ONCAlert | 2018 SGO Annual Meeting on Women’s Cancer
Colorectal Cancer Case Studies

Therapy Outcomes for mCRC

Wells Messersmith, MD
Published Online:Sep 06, 2017
In this case-based interview, Wells Messersmith, MD, discusses the case of a 71-year-old male patient with metastatic colorectal cancer and provides an overview of the treatment options for progression of disease.

Progression of Treatment in Colorectal Cancer


Wells Messersmith, MD: This case is just a classic colorectal cancer case that shows some of the good things that are going on and some of the challenges for the field. First of all, we have options. We have 13 different drugs, if you start to consider the immunotherapy drugs for MSI-high patients or deficient mismatch repair patients. So, we have a lot of different agents and a lot of different combinations, and if you think about 20 years ago, when patients lived 3 to 6 months with this disease, now patients are living more than 36 months if you’re left-sided, for instance, and RAS wild-type. So, there’s a lot of reason to be somewhat comforted by the fact that we’ve quintupled survival from before all these agents were used.

On the other hand, this points to a lot of deficiencies in the field. So, first of all, which cytotoxic backbone should we use? We don’t have any predictive test for that. There are some arguments about ERCC1 and topoisomerase, etc, but none of those have really panned out in large trials. The choice of a cytotoxic backbone is still completely empirical, which is surprising in the 21st century.

Second, we don’t know what targeted therapy to use, especially for VEGFR, so when you use bevacizumab, ziv-aflibercept, ramucirumab, or even regorafenib to a point—also it has antiangiogenesis properties—we really need biomarkers to predict who’s going to benefit from those. And we don’t have them. So, there are no tests you can send to ask, “Should I give this patient this expensive therapy? Granted, the side effects usually aren’t too bad, but should I be giving that?” It’s largely empirical.

And the third is that this patient was microsatellite stable, so they do not benefit, as far as we can tell so far. There are some trials going on, but they don’t benefit from immunotherapy, and that has been a very frustrating thing across the field. Why doesn’t colorectal cancer respond to immunotherapy the same way that other diseases do? We know that deficient mismatch repair and microsatellite-high patients, they benefit, but they’re only 4% to 10% depending on what you’re looking at. So, that has been a frustration as well. For over 90% of the patients, we don’t have effective immunotherapy, and so it has been a great deal of frustration in terms of moving the field forward.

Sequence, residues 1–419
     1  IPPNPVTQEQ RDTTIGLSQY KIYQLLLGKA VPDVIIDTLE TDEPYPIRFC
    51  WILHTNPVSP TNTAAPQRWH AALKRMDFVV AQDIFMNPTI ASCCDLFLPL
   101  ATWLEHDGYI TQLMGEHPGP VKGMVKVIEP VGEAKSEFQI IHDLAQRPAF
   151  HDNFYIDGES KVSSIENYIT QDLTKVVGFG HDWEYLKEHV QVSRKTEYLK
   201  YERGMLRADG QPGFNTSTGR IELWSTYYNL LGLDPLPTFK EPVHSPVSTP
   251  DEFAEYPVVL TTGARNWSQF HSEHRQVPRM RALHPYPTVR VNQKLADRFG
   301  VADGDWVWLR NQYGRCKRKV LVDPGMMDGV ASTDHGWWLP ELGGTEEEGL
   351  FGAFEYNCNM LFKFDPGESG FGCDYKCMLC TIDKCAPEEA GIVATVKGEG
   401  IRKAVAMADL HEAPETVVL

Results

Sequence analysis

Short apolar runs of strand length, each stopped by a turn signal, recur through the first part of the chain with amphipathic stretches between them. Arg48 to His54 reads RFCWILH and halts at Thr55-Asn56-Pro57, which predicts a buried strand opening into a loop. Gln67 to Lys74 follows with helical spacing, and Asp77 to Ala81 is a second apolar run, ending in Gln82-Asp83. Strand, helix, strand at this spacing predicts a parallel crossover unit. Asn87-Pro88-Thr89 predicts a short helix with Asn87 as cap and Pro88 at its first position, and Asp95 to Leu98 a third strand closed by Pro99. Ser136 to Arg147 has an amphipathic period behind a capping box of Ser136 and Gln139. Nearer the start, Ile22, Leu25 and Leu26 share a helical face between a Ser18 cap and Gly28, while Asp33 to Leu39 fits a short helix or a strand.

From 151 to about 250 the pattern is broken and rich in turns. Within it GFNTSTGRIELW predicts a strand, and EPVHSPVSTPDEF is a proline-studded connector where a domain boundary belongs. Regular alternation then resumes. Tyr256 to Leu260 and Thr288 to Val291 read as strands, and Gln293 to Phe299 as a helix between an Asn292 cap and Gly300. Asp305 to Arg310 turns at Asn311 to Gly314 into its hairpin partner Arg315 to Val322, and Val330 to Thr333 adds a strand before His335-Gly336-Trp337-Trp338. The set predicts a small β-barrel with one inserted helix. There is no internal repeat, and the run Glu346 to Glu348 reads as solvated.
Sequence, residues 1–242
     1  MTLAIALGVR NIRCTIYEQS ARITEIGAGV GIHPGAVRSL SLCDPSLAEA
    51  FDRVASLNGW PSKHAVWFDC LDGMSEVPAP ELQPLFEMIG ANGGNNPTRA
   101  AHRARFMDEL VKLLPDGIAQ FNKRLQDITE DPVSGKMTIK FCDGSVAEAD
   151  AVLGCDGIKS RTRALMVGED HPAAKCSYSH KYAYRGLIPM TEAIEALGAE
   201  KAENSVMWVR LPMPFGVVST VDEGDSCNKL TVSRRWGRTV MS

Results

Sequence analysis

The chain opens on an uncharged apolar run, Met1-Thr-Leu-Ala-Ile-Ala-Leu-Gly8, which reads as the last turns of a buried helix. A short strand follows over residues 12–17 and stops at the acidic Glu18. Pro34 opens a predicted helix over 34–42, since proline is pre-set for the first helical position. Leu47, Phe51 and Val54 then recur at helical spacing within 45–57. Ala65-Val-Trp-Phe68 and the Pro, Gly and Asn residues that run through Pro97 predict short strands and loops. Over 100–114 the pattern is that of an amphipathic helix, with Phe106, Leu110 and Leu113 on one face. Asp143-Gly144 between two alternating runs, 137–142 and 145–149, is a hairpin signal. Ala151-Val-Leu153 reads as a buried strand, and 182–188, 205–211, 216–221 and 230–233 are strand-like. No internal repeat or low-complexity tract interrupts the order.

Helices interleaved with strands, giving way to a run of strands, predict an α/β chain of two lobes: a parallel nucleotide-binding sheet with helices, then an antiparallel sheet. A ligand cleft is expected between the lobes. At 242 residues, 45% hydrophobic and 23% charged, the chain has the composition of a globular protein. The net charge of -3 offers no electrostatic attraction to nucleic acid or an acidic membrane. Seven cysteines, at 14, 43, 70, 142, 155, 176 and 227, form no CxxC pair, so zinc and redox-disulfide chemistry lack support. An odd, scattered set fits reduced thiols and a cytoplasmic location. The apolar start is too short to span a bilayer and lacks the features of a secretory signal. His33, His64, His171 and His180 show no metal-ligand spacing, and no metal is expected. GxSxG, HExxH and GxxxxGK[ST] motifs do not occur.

On the good side, there are 13 drugs, some of them biomarker driven, quintupling of survival. On the bad side, there are still no good immunotherapy options for microsatellite-stable patients, no predictive tests for cytotoxic therapies, and no predictive tests for angiogenesis inhibitors. In this case, I think that wraps up many of those themes all in one.

Transcript edited for clarity.

September 2015

  • A 71-year-old Caucasian male presented with severe left lower quadrant pain
    • He sought medical treatment after experiencing bloody diarrhea
  • PMH: hypertension, managed with benazepril
  • He is active and can perform daily activities without restrictions
  • Laboratory findings: remarkable for CEA, 6.0 ng/mL
  • Colonoscopy showed a mass in the descending colon which was biopsied
    • Pathological findings: Moderately differentiated adenocarcinoma
  • NGS mutation testing results were NRAS, KRAS, HRAS, HER2, and BRAF wild-type
    • Microsatellite stable
  • CT of the chest, abdominal, and pelvis showed an 8-cm mass in the sigmoid colon
    • a 2-cm mass in the right lobe of the liver, and a 5-cm in the left lobe adjacent to the left hepatic vein
    • Impression: metastatic disease, borderline resectable
  • Treatment was initiated with FOLFIRI + bevacizumab
  • Imaging at 3 and 6 months showed decreased size of the liver nodules, but was not resectable

July 2016

  • The patient complained of increased fatigue, requiring the need for frequent rest
  • CT scan showed increasing size of the liver nodule (3 cm) and appearance of 3 new small liver lesions (<2 cm)
  • He began therapy with FOLFOX + bevacizumab

February 2017

  • The patient reported weight loss, increasing fatigue, and shortness of breath
  • CT scan revealed progressive disease with no improvement in the primary and metastatic lesion size and/or number
  • A new pulmonary nodule was seen in the right lung
  • He was switched to irinotecan + cetuximab
  • PET/CT at 3 months showed stable disease
  • At 6 months, he reported moderate improvement in fatigue
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